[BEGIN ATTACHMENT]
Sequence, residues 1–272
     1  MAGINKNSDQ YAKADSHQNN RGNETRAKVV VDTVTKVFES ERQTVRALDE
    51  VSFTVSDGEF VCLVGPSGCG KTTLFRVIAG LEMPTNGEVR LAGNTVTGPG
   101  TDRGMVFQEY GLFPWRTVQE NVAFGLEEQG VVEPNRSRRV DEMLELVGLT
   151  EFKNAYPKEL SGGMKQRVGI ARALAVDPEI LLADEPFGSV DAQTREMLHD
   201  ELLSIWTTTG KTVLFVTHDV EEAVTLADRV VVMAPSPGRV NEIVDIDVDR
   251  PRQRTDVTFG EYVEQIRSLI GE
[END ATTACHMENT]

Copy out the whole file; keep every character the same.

Sequence, residues 1–272
     1  MAGINKNSDQ YAKADSHQNN RGNETRAKVV VDTVTKVFES ERQTVRALDE
    51  VSFTVSDGEF VCLVGPSGCG KTTLFRVIAG LEMPTNGEVR LAGNTVTGPG
   101  TDRGMVFQEY GLFPWRTVQE NVAFGLEEQG VVEPNRSRRV DEMLELVGLT
   151  EFKNAYPKEL SGGMKQRVGI ARALAVDPEI LLADEPFGSV DAQTREMLHD
   201  ELLSIWTTTG KTVLFVTHDV EEAVTLADRV VVMAPSPGRV NEIVDIDVDR
   251  PRQRTDVTFG EYVEQIRSLI GE